Tuesday, February 26, 2008

Service Boundary Example

After my last post, I thought I'd give an example to clarify the point I was making about service boundary definition. Let's say we've got a couple of legacy custom built CRM applications that we want to leverage in support of a new CRM service. Let's say one application is used for VIP customers, and the other for regular customers.

We have identified that we want a single CRM service to support the Sales department. The development team decides that they will expose Web service endpoints on each of the legacy CRM applications in order to provide integration points for our new CRM service.

We define our CRM service contract based on the business function we want our service to perform. Note that we now have 3 service contracts, but only one service. We have the public CRM service contract, which is what defines our service boundary; and then we have a service contract for each of the legacy CRM applications, which sit behind the service boundary.

These legacy CRM applications are not services in the context of SOA, despite accepting messages over a WS-* stack defined by a WSDL document. They are an implementation detail of our single CRM service, and should not be directly accessed by anything outside the CRM service's boundary.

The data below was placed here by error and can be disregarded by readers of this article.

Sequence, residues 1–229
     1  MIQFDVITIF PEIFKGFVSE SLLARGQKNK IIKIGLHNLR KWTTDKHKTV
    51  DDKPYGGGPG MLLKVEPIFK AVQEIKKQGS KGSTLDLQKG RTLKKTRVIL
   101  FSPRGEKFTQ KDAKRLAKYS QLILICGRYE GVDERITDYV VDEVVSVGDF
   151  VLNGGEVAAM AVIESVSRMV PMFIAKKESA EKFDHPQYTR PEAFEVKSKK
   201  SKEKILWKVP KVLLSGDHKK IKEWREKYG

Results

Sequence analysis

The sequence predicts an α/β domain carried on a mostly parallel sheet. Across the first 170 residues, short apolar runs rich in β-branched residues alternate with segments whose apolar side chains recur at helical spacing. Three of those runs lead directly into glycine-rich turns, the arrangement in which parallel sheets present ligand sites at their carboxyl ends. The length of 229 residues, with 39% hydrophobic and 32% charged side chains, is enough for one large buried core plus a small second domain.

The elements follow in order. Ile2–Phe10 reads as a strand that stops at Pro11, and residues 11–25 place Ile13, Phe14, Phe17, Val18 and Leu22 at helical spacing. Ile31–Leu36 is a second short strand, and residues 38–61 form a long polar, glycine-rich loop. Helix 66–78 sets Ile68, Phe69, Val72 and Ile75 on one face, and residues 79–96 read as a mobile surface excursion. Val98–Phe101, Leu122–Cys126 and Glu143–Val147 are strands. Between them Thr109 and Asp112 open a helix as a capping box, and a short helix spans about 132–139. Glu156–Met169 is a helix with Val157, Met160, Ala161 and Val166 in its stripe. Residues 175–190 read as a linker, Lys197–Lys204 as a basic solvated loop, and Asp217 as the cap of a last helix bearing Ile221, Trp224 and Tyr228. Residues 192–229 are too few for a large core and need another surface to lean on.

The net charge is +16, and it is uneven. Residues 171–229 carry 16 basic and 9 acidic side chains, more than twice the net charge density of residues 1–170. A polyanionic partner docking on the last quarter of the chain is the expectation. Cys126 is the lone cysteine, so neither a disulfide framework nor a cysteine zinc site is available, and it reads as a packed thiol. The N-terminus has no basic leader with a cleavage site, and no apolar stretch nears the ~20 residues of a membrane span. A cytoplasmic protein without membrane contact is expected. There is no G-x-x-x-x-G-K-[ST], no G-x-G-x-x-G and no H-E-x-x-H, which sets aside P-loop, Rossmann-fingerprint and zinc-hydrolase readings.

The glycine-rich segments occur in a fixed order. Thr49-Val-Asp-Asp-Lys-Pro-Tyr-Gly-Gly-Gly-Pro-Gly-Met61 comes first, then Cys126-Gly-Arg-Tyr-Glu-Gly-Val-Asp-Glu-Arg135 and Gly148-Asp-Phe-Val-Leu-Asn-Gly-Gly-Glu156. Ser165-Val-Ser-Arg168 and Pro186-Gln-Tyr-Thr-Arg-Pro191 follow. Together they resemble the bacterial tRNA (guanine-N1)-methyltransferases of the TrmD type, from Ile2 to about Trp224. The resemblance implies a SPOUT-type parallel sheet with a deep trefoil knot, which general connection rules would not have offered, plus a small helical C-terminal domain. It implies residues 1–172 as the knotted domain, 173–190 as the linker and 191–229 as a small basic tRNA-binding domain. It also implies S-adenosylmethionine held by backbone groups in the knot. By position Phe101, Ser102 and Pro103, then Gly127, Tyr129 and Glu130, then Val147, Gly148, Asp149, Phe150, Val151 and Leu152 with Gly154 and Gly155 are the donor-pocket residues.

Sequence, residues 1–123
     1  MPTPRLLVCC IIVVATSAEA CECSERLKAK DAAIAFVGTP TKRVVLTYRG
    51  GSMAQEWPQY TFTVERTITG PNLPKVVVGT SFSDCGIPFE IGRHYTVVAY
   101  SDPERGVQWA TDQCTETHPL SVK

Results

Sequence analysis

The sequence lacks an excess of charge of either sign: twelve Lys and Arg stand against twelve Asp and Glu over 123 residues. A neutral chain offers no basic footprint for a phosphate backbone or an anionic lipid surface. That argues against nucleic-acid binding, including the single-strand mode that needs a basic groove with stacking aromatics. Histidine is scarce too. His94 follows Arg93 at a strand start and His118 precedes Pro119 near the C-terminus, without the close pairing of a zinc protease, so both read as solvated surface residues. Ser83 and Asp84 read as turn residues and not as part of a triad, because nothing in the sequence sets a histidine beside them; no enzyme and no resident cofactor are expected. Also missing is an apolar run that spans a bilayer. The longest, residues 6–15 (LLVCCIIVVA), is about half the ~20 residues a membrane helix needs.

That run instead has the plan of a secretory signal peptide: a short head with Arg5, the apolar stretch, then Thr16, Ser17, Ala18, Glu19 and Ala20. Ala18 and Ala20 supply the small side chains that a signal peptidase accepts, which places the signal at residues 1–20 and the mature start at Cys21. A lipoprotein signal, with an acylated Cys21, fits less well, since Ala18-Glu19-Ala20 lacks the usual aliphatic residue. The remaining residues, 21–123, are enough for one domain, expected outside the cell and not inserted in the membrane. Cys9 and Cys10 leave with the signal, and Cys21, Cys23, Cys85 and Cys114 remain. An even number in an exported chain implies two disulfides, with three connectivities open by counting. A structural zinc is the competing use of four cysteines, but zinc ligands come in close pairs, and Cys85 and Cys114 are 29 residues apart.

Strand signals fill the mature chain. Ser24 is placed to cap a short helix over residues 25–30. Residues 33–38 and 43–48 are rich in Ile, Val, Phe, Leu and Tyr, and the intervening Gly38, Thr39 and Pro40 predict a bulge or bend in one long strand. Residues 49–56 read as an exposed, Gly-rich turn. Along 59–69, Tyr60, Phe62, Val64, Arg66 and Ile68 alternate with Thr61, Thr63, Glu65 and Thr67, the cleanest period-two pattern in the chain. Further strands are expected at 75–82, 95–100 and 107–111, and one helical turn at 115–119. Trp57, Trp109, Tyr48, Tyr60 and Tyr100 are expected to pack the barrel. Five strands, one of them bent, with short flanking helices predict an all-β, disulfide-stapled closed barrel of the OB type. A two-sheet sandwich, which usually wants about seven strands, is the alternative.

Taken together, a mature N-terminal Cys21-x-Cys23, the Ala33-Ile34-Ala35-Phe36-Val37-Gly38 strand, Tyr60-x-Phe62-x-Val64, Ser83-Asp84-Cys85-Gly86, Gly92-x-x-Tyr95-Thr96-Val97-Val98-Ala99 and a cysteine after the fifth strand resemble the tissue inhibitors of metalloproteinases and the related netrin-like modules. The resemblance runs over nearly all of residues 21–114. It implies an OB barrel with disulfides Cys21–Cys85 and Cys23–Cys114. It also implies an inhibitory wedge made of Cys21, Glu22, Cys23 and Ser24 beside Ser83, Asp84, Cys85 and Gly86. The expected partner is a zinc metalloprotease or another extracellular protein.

We now need to implement the the public CRM service operations, leveraging the private operations exposed on the legacy CRM applications. We might employ a tool such as BizTalk for this job.

At a future point in time, if our enterprise decided to replace the legacy CRM applications, we could do so without updating the CRM service contract - assuming of course that the required functionality offered by the CRM service to the enterprise did not change.


flgb said...

Ok, here's a service boundary question:

Let's say as a result of our enterprise architecture planning we've decided that we're going to have a Sales Service (Leads, Opportunities, etc) and a Marketing Service (Campaigns, Promotions, etc).

However let's say we currently have one legacy CRM system that supports the marketing department and the sales department.

Which service boundary will contain that system?

Bill said...

Good question! The answer to that is that different parts of the legacy CRM would sit behind each service boundary.

It doesn't matter so much if we share infrastructure between services; we just must never share data except via explicit message exchanges.

So as long as the data within the legacy CRM system assigned to each service remains isolated behind its respective service boundary, then we're good.

I'll do a follow up post on this because it was such a good question!